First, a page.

• Lastly, giants, who will have SM +1 and a small number in lair, so this includes ogres and trolls. These guys have (3d-3) × $1,000 in loot and 1d-3 magic items.

Lycanthropes and the magical Monstrous Humanoids have small lairs, typically under 20, and have (3d-2) × $1,000 in loot and 1d-3 magic items. The werebear, which is wealthy, might be skewing this upwards. EDIT: Now that I include the Monstrous Humanoids, the werebear stops being an outlier, with the earlier figure still just as good.

Dragons are the leaders in loot other than demon lords. Give them (3d-1) × $10,000 in loot and 2d-2 magic items. This is for the tough guys. For wussies like pseudo-dragons and white dragons, tithe the loot and give them 1d-3 magic items.

Plant. Another monster class with few published examples in Dungeon Fantasy. Most will be mindless and thus have no loot. The ones who have intelligence should have (1d-1) × $1,000 in loot and 1d-3 magic items.

Slime. Oddly, two AD&D Oozes, the gelatinous cube and the slithering tracker, do have loot. So, for the smart ones, I’d make them about the same as intelligent Plants: (1d-1) × $1,000 in loot and 1d-5 magic items.

Spirit and Undead. We’ll treat them together, since D&D does and there aren’t many Spirits anyways. The guys who are pure minions, like skeletons and zombies, have no loot, so don’t grant loot to anything with Bestial or Slave Mentality. As for the others, grant them (3d-3) × $1,000 in loot and 1d-3 magic items. Liches should have threefold loot. Oddly, their magic item XP is 1,110, which indicates a lone item (1d-3), which seems low; I’d interpret the treasure type A as rolling that 30% chance for a magic item three times.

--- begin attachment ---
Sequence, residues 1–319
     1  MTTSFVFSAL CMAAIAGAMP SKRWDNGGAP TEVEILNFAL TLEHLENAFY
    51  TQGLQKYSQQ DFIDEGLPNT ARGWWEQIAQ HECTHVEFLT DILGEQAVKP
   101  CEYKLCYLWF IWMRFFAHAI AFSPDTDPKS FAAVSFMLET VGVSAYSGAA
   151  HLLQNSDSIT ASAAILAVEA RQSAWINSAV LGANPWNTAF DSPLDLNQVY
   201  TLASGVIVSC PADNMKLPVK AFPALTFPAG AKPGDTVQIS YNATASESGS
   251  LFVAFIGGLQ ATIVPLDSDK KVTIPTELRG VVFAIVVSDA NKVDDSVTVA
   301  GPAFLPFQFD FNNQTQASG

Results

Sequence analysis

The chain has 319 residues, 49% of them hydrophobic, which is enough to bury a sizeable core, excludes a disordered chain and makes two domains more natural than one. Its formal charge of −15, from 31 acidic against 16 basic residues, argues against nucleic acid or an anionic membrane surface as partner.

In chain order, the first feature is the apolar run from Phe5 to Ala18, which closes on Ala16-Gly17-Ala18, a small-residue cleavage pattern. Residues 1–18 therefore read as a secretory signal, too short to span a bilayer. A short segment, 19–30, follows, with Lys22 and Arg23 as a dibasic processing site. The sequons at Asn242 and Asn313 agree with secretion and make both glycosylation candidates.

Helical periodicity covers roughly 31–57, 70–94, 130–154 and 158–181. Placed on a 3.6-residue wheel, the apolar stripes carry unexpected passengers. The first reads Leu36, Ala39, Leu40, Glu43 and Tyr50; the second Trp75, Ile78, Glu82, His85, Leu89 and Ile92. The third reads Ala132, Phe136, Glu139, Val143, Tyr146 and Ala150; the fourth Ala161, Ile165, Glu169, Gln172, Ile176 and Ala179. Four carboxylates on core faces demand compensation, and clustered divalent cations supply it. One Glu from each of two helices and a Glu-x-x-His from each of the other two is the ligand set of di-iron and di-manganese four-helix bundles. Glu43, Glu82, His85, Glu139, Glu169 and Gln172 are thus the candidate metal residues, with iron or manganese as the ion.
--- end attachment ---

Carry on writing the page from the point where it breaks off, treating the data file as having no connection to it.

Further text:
Thursday, February 22, 2018

Game log 10 February 2018: Don't poke the pudding!

Dramatis personae

Xóran, fox-man scout
Kim, thief
Mayhem, short barbarian
Ash, squire
Áttikos, holy warrior of the sun god
Grymalkus, whiny cleric of the war god
Caleb, wizard
Kôštē, cleric of the farming goddess

Quid occurrit

As they walked through the halls, they chatted among themselves as to how to handle the "demon dolls." They thought a shield wall would be best.

They walked back to the room where they had fled from the pudding, and sure enough, they had a chance to put this to work as there was a doomchild there. After the first volley of arrows and fireballs, the little doomchild bum-rushed them.

Mayhem stepped out from behind the shield wall, grabbed the doomchild, and tossed him back to whence it came. Its ass burst open as it landed, making it go boom well away from the heroes. Doomchild handled.

After Kôštē patched up Mayhem's booboo from the doomchild's knife, they pushed onward. After winding through a few rooms and Kim not finding any secret doors in any dead ends, they found themselves looking at five doomchildren.

The opening volley all missed, and sure enough, the doomchildren bum-rushed them again. This time, they all missed, and were now before the shield wall. Ash took a poke (Defensive Attack) from behind the wall, and … kaboom! It hurt, but the shields did take some of the damage.

After some more patching up—Mayhem especially took some bone fragments—they rested for a bit, letting Kôštē get back some oomph. They pushed farther inside, looking for the stairs to lead them down to the Workdesk of Doom or whatever it was, with Kim always looking for hidden doors. After a turn to the north, they ran into six big rats. The rats, however, did little but get a lone tooth on Áttikos, while Mayhem and Caleb (with Acid Jet) each took out a rat and Ash took out two before the not-so-little buggers fled.

So, back to wandering. In one room, which had a rotten drapery in its doorway, six striges flew inside. They must not have been hungry, since they flew back out, squawking.

Mayhem squawked back.

Kim's hunt for hidden doors did pay off not long after this. A big wooden chest was in the corner, but Kim's hand went through the chest as if it were air. Caleb looked at it, and found that the chest was truly three feet to the left of where it seemed to be. Kim figured out how to open the chest, and found 90 copper and 50 silver inside. Grymalkus told her not to take the loot. "It's a tomb! It's burial treasure! We're not grave robbers!"